Do you have tips on how to get crispy and colourfull renders

I noticed that my renders tend to be a bit grey and blurry. (Using mainly EEVEE past few months).

I suspect the following factors could be a cause (not sure):

  • Using Depth of field.
  • Colors I use a usually not above the 0.7 saturation (HSV).
  • Could it be that the default specularity 0.5 in of the principled shader is a bit to high?
  • When using Filmic post-process is needed. I put the look usually on Medium High Contrast.

What I am trying to do:

  • Post process. This is very difficult. It’s easy to break things. Barely have succesfull results with post-process actually. (Using often Levels in GIMP, best bet).
  • Lowering the specularity to 0.33 of principled shader
  • giving a tiny bit or metalness. The colors are a bit crispier.
  • Avoid sheen.
  • Avoid blur.
  • In post I bump up a tiny tiny bit of saturation. (Forgive me).

Still I am not happy enough when I compare my renders with (for example) nice adds on Twitter (made by pixel pushers).

I want those crisply renders I see in those adds.
Any tips?

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Post some of your renders, and then post some of the images you’d like to mimic the style of.


Hi Photox,

Here an attempt but it is hard to give good examples because it feels more like a tendency rather than specific renders. Meaning it takes effort to get crispy results and sometimes it just a failure. But here two screenshots that might represent a bit that tendency: (Ofcourse I know the crispy ones are not renders, but at the end I want that sparkle, crisp, pop to publish). So I am emphasizing Tendency in the question.



Filmic does really reduce contrast. Try making your lights brighter to increase the contrast in the lighting.

Also, your renders are objects that are desaturated. if you want it to be more colorful, add more color. Look at this kitops ad:

a touch of saturated color makes it much more poppy.

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Some of that tends to be people learning far far to much on the Mix shader, when they should be applying an add shader in the network.

If you want to see a side by side of what I am talking about.
mix and add.blend (760.1 KB)
And some of it is because of poorly mimicing what we see, things such as eyes, lizard scales and even our skin can take the energy of light from a wider spectrum and reflect it out concentrated in one, for further reading.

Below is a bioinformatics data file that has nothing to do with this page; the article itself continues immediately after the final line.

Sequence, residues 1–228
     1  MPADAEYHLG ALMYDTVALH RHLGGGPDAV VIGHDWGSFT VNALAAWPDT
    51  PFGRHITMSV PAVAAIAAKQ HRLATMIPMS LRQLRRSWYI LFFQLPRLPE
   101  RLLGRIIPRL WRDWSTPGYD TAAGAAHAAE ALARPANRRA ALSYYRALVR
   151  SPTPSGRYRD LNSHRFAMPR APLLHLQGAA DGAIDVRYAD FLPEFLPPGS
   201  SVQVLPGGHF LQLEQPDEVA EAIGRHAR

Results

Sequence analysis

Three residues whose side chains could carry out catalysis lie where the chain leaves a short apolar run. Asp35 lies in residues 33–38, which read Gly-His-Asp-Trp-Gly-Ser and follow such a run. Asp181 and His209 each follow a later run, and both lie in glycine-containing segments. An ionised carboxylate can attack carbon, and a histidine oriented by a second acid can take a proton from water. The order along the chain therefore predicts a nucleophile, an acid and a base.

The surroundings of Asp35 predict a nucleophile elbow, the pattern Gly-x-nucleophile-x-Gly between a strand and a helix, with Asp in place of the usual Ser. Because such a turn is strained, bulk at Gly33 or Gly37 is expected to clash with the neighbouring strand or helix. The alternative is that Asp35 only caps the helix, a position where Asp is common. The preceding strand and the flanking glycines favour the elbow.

For me for things such as blue eyes and things that need to pop, I’ll use an add shader and just double add in the material texture (with some scaling using a mix shader) so that the things that need to pop out can pop out a little more, it is useful to do that in game engines when you need a run time mechanic that can provide the players with subtle cues that they can act on without fully realizing.

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Your examples are literally stuff either painted with photoshop/gimp with high saturation colors, or highly manipulated photographs.
If you want to accomplish those effects you have to do the same stuff with your render that you would do with a photo. Post processing much.


Yeah most of those images you like were made in photoshop. It rarely a good idea to use a text object in blender.

If you keep the text object in blender, make its material an emission shader, white, strength 1. At least your text will stand out.

That said, all of your render do have this monochromatic washed out feel. I am guessing it’s many things. In order of importance.

  1. too strong world lighting of a single color (white usually). get an hdri, or turn the world lighting down.

  2. use more saturated colors in your material. you say you never go over .7, why not???

  1. use less glossiness, and lower (blacker, closer to 0.0) roughness

  2. use more rounded edges bevels,a nd more curved surfaces, flat surfaces look like shit in blender.

  3. start using gimp/ps or something else to overlay text and do post effects.

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@Photox @SterlingRoth @joseph_raccoon @Acrivec
Thanks for all your replies, very useful also for others.
What I am going to do first is not being so scared of saturated colours anymore.

( I think I decided once being careful with saturated colours when I watched TV and discovered that the saturated parts started missing details. Over-saturated or something was clipping maybe. )

Another thing I keep in mind is to do things more in post, and I will experiment with reducing glossiness / specularity.

Another thing is, I recently had the experience that AO can make the render pop more.

Regarding blur: I thought there was a setting in Properties panel > Render > Film a setting that could blur on pixel-level which is on by default. Maybe they changed the name. Could that be related?

There could be one more thing that makes a render look dull/flat. When using colour for materials and colours for light, they can cancel each other out, making is grey-ish. (For example: Cyan smoke, red material, or red light, etc). So to make things pop could be arranging the colours of materials, light, fog, post-effect so that they work together and pop. Just a thought for now.

I tried some of the suggestions, and here is my first popping render or most popping render ever:

I’d say that the latest render is a definite big step in the right direction!

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